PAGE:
I have wanted to experiment with fireplace cooking for some time. The idea of warming the house and cooking a meal seemed very novel to me. Not having grown up in a pioneer family, we usually reserved our alternative cooking methods for the outside grill. However, not too long ago, the normal way of household cooking was in and on the family hearth. The first “stove” was invented a little more than three hundred years ago and it certainly didn’t gain popularity for quite some time. Even the most modern ancestor, the wood stove wasn’t in general use until the 1800’s in Europe and America….but look how far we’ve come!
As part of my practice of simplifying our lives and turning off the modern world periodically, I have discussed with my partner taking a night a week or a night every two weeks where we don’t use modern conveniences. This gives us a much needed escape from the overwhelming stimuli of modern life that do nothing but promote consumerism and serve to disconnect us further from the earth.
One aspect that could prove difficult is the process of cooking dinner. While we could grill out, it seems that could be difficult if it is raining or blowing volumes of snow in the winter time (we do not have a gas grill). Fortunately we have a fireplace! This gives us the ability to warm our home, provide light and a resource to cook a comforting meal.
One recent cold December evening, we had our technology free night. We read by oil lamp and I cooked a hearty stew in our fireplace. Cooking in the fireplace can require quite a bit of specialize equipment since most home fireplaces are designed to be simply a decorative accent and not a makeshift kitchen. We will be using a modified camp set up on a future night, but I thought to simplify this by just using a cast iron footed Dutch oven.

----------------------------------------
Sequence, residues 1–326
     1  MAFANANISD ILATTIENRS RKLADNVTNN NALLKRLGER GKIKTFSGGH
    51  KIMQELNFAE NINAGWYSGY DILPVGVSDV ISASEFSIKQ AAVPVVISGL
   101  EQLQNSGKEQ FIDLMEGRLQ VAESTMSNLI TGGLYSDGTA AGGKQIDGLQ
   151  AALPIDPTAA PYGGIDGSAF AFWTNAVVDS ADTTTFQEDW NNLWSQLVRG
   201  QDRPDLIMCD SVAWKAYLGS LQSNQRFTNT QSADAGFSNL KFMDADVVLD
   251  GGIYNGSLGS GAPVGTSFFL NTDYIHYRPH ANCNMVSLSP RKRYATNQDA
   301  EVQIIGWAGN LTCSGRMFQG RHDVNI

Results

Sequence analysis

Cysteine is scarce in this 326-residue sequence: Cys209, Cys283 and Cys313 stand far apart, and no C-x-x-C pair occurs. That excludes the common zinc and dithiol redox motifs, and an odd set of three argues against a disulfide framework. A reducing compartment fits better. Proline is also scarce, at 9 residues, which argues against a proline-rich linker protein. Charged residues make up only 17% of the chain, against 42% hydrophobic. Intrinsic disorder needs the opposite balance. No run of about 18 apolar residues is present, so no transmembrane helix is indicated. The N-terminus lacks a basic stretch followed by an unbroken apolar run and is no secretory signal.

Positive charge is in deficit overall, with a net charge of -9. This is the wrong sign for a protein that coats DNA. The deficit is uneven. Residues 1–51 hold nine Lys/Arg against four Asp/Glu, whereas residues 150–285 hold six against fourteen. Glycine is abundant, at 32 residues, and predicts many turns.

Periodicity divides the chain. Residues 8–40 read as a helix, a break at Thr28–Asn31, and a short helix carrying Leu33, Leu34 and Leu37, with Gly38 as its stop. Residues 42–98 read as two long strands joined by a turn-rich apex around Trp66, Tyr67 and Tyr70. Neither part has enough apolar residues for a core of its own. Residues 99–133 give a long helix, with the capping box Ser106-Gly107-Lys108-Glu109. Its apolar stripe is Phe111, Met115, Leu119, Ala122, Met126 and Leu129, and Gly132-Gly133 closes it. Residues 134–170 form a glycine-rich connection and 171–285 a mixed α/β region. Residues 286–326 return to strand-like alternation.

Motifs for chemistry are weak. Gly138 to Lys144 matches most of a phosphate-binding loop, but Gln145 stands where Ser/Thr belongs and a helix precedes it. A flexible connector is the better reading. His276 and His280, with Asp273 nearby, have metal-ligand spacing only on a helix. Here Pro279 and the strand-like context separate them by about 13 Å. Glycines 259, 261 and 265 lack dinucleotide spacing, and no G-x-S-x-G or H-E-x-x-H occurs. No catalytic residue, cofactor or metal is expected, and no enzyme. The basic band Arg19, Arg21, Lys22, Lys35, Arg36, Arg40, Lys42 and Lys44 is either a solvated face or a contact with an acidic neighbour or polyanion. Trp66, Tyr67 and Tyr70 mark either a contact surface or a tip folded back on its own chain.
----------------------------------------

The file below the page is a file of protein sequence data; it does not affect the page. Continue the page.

I assembled the ingredients and lit a small fire in the fireplace to “pre-heat” it. I built a nice medium fire as I chopped and prepped the stew. After about 45 minutes the fire has heated the brick and built enough embers to cook in.
The ingredients for the stew are very simple. Beef, onions, carrot, celery, potatoes, seasoning and red wine. Trim the meat well since you won’t be able to drain it off. Add all the ingredients in the pot and season well. I moved the fire to one side of the fireplace and placed the pot in the fireplace; surrounding it with hot coals to buffer the pot with heat. The stew takes about two and a half hours in the fireplace (a bit longer than one the stove top, but much quicker than a slow cooker).
The stew was delicious served with buttered, crusty bread! Cooking this way was very interesting to me and also taught me that if we were deprived of our modern conveniences for a period of time, even in the winter, we would still be warm and well fed!
Happy Gardening….and Cooking!